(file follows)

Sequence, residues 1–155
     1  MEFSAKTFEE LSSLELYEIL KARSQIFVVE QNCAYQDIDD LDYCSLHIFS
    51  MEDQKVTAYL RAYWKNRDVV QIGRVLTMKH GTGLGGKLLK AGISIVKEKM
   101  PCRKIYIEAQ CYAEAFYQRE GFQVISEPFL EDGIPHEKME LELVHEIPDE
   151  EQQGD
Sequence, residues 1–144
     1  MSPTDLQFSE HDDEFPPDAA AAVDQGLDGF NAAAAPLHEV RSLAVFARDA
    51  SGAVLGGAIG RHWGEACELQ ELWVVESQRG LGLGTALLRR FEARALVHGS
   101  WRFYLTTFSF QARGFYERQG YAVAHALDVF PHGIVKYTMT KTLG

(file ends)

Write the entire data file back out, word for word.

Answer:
Sequence, residues 1–155
     1  MEFSAKTFEE LSSLELYEIL KARSQIFVVE QNCAYQDIDD LDYCSLHIFS
    51  MEDQKVTAYL RAYWKNRDVV QIGRVLTMKH GTGLGGKLLK AGISIVKEKM
   101  PCRKIYIEAQ CYAEAFYQRE GFQVISEPFL EDGIPHEKME LELVHEIPDE
   151  EQQGD
Sequence, residues 1–144
     1  MSPTDLQFSE HDDEFPPDAA AAVDQGLDGF NAAAAPLHEV RSLAVFARDA
    51  SGAVLGGAIG RHWGEACELQ ELWVVESQRG LGLGTALLRR FEARALVHGS
   101  WRFYLTTFSF QARGFYERQG YAVAHALDVF PHGIVKYTMT KTLG